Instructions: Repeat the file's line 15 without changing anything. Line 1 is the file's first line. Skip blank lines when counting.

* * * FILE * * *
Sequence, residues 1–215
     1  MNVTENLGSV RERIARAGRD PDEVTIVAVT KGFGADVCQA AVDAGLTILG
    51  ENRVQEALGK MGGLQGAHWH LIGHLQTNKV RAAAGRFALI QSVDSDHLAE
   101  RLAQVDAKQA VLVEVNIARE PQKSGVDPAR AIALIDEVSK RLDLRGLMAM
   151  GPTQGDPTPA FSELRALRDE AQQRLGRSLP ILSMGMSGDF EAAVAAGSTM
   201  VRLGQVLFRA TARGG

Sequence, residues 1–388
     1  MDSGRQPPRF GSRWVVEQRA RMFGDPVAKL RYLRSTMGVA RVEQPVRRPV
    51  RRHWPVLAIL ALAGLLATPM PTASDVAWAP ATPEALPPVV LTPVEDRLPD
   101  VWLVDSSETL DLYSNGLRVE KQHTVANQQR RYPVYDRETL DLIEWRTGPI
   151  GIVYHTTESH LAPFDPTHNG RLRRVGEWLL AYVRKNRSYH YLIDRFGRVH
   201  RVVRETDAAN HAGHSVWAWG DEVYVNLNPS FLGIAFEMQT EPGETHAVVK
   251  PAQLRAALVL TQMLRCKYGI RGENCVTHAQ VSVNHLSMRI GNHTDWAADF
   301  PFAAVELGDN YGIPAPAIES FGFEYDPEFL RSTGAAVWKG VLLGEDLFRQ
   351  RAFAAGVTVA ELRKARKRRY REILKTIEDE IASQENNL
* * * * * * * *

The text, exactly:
   351  RAFAAGVTVA ELRKARKRRY REILKTIEDE IASQENNL